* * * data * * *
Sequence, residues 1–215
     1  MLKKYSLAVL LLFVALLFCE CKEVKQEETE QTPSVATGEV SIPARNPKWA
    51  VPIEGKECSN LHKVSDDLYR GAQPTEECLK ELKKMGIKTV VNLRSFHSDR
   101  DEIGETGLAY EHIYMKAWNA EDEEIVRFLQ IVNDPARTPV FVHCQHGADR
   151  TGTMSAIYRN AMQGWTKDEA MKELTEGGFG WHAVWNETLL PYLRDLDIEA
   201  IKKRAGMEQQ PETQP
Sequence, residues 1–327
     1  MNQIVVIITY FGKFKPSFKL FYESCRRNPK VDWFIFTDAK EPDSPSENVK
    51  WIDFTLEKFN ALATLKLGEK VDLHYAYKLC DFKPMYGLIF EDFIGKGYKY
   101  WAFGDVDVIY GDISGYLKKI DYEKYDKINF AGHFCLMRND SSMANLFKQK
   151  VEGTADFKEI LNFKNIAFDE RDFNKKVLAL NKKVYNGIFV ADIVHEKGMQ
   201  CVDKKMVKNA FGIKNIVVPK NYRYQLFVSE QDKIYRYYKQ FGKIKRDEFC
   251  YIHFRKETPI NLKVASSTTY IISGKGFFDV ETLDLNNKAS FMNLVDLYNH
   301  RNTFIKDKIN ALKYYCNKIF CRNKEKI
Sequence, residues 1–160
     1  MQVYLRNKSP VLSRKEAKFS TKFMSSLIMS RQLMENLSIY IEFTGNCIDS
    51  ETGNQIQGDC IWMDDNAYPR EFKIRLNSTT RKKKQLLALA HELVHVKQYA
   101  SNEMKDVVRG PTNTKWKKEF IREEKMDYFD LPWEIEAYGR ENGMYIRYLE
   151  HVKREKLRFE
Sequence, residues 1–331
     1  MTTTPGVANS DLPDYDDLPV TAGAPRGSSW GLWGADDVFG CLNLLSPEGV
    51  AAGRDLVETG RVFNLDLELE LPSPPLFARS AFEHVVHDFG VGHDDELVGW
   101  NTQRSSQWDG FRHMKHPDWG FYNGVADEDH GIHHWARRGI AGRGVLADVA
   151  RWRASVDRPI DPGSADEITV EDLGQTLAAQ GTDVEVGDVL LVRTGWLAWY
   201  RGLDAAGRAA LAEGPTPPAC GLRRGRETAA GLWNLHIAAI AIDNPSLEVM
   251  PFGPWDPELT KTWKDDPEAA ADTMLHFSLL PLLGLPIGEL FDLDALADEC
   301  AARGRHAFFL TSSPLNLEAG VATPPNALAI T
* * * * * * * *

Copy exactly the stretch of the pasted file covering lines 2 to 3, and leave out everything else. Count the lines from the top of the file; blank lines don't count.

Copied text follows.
     1  MLKKYSLAVL LLFVALLFCE CKEVKQEETE QTPSVATGEV SIPARNPKWA
    51  VPIEGKECSN LHKVSDDLYR GAQPTEECLK ELKKMGIKTV VNLRSFHSDR